MAXWELL L. GELFAND, M.D., F.A.C.P.; LOUIS GOODKIN, M.D.
Although acute benign pericarditis has long been known to the medical profession under many different designations, it was not until 1942, when Barnes and Burchell described their 14 cases of acute pericarditis of the nonsuppurative type, that interest in this disease was stimulated.1 Recent years have witnessed an increased number of reports concerning the condition, and most observers have stressed its close resemblance to acute coronary occlusion with myocardial infarction.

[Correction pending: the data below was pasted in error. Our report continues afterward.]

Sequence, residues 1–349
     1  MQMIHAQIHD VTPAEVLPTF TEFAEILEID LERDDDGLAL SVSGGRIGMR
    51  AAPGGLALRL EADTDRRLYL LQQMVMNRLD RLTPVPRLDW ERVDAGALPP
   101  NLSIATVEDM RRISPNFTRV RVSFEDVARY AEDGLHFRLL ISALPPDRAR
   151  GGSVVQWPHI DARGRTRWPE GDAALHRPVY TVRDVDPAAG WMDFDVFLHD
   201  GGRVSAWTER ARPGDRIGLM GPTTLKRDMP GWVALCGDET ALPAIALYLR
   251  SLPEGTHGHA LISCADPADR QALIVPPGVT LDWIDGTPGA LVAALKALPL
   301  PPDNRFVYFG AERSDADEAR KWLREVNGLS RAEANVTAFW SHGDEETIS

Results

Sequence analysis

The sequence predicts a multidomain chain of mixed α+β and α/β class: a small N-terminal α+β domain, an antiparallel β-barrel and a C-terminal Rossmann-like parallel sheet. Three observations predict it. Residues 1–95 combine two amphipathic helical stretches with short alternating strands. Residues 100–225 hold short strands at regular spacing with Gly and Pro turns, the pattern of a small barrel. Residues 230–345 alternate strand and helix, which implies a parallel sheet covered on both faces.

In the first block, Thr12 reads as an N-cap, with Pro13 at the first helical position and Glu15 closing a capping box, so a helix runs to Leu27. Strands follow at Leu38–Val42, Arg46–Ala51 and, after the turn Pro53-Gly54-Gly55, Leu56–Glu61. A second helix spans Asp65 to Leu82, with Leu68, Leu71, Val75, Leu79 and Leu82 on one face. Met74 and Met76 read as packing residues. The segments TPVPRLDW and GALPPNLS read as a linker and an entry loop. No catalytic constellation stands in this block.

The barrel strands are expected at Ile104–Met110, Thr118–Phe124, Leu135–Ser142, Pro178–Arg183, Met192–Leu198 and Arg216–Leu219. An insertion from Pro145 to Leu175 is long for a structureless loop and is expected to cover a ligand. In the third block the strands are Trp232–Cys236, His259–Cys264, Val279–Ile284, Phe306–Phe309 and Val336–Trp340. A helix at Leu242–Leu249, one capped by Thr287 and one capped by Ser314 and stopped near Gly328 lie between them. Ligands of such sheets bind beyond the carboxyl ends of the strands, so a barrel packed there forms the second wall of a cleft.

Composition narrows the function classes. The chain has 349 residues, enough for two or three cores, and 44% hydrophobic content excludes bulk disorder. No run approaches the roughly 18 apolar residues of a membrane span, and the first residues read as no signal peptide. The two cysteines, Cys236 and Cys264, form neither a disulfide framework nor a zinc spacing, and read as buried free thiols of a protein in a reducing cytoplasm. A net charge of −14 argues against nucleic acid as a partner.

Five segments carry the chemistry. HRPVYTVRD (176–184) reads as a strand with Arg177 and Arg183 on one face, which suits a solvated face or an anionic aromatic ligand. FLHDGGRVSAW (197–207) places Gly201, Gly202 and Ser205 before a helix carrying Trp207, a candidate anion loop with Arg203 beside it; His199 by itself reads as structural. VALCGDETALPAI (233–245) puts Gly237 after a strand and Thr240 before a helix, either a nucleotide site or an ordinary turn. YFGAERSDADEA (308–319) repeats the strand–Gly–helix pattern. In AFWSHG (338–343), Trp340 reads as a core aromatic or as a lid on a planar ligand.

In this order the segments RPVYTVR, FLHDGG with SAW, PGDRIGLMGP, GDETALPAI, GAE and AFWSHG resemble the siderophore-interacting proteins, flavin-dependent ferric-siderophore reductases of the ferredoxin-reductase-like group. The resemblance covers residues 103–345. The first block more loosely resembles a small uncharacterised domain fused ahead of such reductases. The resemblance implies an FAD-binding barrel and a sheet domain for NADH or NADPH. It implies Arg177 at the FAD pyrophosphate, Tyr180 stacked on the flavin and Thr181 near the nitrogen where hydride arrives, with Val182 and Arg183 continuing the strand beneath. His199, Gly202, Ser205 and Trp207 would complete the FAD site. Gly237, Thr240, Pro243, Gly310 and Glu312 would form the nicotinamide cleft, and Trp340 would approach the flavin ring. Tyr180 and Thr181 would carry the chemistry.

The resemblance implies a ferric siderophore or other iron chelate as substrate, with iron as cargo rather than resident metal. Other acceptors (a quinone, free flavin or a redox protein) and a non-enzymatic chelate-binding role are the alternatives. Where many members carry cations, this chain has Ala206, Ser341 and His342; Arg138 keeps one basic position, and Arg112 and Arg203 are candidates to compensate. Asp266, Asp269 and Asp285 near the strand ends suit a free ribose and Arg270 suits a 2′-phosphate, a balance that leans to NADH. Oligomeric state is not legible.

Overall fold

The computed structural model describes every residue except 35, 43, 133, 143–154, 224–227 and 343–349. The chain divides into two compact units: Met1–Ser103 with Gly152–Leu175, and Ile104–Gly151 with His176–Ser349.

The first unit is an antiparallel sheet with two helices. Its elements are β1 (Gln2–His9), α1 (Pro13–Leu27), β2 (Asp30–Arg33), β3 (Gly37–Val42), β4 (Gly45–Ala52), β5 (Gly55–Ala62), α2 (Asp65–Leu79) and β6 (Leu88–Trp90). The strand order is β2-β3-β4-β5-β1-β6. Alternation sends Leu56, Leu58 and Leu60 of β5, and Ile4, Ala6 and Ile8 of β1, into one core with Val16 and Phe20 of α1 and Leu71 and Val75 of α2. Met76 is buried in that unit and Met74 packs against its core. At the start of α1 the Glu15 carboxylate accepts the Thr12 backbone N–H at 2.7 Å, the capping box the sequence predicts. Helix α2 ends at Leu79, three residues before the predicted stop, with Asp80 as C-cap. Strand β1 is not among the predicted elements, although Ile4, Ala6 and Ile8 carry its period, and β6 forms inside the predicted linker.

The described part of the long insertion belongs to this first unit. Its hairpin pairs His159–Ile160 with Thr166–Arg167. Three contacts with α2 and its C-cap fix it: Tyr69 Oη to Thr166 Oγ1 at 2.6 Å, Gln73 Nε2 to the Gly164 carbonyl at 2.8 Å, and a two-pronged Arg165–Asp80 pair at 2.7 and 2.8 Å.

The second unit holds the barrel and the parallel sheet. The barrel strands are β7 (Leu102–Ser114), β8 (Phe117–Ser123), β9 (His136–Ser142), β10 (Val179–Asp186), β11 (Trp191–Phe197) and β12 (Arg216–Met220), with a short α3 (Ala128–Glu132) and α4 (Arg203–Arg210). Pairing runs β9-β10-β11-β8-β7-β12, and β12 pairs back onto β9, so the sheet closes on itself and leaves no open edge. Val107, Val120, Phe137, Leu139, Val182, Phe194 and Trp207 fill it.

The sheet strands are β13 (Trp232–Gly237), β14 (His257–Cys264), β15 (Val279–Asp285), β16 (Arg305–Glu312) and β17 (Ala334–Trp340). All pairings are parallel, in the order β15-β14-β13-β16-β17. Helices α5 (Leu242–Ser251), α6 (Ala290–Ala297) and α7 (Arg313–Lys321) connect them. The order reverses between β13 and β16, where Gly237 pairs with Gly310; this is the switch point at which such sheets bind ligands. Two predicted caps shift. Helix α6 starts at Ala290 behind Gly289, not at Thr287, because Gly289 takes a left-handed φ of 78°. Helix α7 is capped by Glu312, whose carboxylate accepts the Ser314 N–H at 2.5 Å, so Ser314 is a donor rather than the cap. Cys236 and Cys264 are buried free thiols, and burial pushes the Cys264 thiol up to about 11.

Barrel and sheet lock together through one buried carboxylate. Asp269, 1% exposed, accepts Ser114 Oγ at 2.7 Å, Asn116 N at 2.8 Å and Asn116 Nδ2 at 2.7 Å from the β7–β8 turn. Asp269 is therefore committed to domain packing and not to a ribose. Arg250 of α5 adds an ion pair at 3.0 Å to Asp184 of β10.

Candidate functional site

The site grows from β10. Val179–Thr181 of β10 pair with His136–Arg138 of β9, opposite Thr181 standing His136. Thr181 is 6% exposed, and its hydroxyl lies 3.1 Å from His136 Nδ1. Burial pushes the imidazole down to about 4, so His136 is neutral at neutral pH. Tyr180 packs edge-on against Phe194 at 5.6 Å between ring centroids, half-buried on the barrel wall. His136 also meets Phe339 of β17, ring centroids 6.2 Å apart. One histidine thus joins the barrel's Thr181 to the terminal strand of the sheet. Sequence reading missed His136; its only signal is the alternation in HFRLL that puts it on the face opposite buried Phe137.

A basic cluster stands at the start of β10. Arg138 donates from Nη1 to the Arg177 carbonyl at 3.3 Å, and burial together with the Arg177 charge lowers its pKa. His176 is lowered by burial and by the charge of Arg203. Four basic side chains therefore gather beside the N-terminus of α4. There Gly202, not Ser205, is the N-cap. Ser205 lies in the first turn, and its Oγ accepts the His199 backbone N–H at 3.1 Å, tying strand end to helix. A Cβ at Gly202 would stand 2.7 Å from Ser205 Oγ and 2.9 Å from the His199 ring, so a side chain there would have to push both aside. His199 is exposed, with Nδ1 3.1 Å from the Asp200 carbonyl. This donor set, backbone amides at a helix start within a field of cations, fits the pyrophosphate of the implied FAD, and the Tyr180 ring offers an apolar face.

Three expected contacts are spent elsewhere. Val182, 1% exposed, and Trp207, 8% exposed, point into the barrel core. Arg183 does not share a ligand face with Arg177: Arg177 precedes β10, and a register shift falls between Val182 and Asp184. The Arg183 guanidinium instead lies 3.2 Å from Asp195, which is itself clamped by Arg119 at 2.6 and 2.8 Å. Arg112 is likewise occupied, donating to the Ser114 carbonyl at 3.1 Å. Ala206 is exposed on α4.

It is extremely important to differentiate between acute benign pericarditis and myocardial infarction, because the prognosis and treatment of these two conditions are diametrically opposite. The former offers a good
GELFAND ML, GOODKIN L. ACUTE BENIGN NONSPECIFIC PERICARDITIS WITHOUT A PERICARDIAL FRICTION RUB(ACUTE BENIGN NONSPECIFIC PERICARDITIS WITHOUT A PERICARDIAL FRICTION RUB*). Ann Intern Med. 1956;45:490–504. doi: 10.7326/0003-4819-45-3-490
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Published: Ann Intern Med. 1956;45(3):490-504.
Cardiology, Pericardial Disease.
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